For music students, the opportunity to work with professional artists is one that does not come around too often.
The Campanile Music Festival at San Diego State is a week-long festival that gives music students exactly that.
The festival, which started last spring, culminated on Nov. 4 in the Smith Recital Hall, where faculty members and the visiting artists collaborated and performed music together at a formal concert.
From Nov. 1 to Nov. 4, the national and international guest artists worked directly with music students.
Students worked with the artists one-on-one and in informal group settings. They held workshops and Q&As in classrooms.
The faculty members and guest artists also held open rehearsals, so students were able to watch the process that goes into music collaboration on a professional level.
SDSU violin professor Pei-Chun Tsai, who holds a doctorate from the City University of New York, is the artistic director.
“It’s really for (students) to open their eyes and meet the artists that they sometimes get to see perform but never get to talk to or work with,” Tsai said. “You’re always learning. It opens up their minds and thoughts to know there’s so much more out there. It’s had a huge impact on the students in many ways from how to practice to what to do after you graduate, what your career will be like as a professional musician.”
Visiting artists included Ariana Kim, violin professor from Cornell University, Che-Yen Chen, viola adjunct associate professor from USC Thornton School of Music and Andra Lunde Padrichelli, principal cellist of the Dayton Philharmonic Orchestra.
Kim, who holds a doctorate from Juilliard, performed alongside Tsai at the final concert.
“The festival was incredibly fulfilling on many levels because it combined my two passions of my career which are teaching and performing,” Kim said. “I was really moved by how engaged (the students) were about learning things and the different approaches to study, to practice, to perform.”
Kim said it is always nice to have a fresh perspective, even though out-of-town musicians reinforce what has been taught previously by SDSU professors. so having other musicians come into town to reinforce
It took Tsai six months of preparation to make this program possible. Last spring, she was awarded the Student Success Fee, a grant offered by the university that supports programs.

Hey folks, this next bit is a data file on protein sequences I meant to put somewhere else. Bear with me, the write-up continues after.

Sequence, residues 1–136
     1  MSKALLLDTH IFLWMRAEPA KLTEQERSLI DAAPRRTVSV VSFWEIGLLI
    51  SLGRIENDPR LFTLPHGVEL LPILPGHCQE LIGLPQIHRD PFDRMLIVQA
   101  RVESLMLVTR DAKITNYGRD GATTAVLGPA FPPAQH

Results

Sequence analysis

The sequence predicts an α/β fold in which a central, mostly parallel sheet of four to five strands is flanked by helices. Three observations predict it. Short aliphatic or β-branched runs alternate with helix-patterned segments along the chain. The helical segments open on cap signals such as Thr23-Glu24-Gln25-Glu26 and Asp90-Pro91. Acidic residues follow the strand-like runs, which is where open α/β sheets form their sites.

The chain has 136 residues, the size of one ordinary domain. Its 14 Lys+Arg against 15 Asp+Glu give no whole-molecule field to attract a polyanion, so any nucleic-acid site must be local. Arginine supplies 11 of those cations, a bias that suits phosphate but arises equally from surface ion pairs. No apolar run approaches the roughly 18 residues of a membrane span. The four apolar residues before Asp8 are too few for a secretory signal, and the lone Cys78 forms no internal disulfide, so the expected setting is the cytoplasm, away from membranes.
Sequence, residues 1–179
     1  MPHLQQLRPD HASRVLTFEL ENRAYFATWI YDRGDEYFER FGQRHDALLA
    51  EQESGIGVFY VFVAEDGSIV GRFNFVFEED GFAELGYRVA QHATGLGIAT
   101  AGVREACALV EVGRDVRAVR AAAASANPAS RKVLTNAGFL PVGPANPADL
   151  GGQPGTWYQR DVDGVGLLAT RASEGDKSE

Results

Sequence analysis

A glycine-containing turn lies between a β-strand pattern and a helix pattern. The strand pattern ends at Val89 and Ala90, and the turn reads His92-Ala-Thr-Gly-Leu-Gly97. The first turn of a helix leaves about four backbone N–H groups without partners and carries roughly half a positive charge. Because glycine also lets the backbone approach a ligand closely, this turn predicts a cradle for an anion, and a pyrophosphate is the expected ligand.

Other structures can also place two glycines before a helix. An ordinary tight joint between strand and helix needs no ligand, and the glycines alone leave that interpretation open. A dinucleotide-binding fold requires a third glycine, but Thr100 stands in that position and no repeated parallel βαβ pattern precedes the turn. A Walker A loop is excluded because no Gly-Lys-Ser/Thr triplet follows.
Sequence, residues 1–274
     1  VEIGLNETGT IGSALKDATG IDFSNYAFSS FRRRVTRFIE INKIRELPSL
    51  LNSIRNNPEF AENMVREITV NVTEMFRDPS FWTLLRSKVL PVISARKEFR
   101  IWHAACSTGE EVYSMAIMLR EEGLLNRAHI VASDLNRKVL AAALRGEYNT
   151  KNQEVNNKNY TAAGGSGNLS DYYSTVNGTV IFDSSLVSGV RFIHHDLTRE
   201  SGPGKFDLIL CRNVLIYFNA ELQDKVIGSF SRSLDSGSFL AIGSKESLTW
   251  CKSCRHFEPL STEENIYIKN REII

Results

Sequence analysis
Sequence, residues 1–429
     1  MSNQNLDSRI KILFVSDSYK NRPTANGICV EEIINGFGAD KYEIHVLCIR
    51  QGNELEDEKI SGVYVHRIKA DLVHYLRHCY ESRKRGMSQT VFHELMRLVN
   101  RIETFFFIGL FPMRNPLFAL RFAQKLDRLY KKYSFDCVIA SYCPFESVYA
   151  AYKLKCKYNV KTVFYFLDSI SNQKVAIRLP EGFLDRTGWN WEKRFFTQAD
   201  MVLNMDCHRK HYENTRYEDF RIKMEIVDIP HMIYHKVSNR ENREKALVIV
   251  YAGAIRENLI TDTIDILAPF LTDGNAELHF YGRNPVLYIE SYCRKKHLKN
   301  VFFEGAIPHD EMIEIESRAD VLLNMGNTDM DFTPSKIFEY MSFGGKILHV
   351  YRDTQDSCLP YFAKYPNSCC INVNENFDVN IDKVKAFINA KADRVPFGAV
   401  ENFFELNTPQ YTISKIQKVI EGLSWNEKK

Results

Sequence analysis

The grant is only offered in the spring, so this semester Tsai relied on private donations to make the program possible again. She said she hopes that she can continue to fund the program every semester.
Because the music department does not have a budget, normally visiting artists have to fund their own travel to SDSU and are offered a small amount of money to perform. Visiting artists also stay for only a short period of time.
“I’ve been at SDSU for five years, and every semester I wanted to bring people in to do master’s classes with the students,” Tsai said. “We don’t have a budget, so I’ll have an artist from Penn State who has to come and pay his own way and I’m only able to offer him a very small amount of money, then he’ll come and teach for an hour and leave and I feel like that’s not enough.”
Tsai said she wants to have more substantial interactions between out-of-town musicians and student musicians, that way students can get more out of each visit. Normally, similar music programs are held during summer, when artists and students spend two weeks practicing with and playing for each other.
Tsai said she found that many music students didn’t go to these types of festivals because they are expensive and difficult to get into. She wanted to bring this type of summer festival experience to music students on campus free of charge so they all would have the opportunity to participate and interact with national and international artists.
Tsai said she also wanted this program to be a tool for community service through youth and community outreach.
On Nov. 5, Tsai and the three guest artists visited the Mainly Mozart Youth Orchestra, a Mozart-centered organization.
They spent the morning answering questions and performing for the young musicians. Because of this festival, the SDSU music department is able to put on high quality and high profile performances.
Tsai said it increases the profile of SDSU and puts the school on the radar of many different artists as well as future prospective students.
Last spring, the festival had performances from solely string instruments. This semester, piano was added to the festival, which was played by SDSU piano professor Toni James.
In the future, Tsai wants to incorporate woodwind instruments into the festival.
She said she hopes that as more instruments are included, more music students are able to participate and interact with the guest artists and get a fresh perspective into the world of a musical career.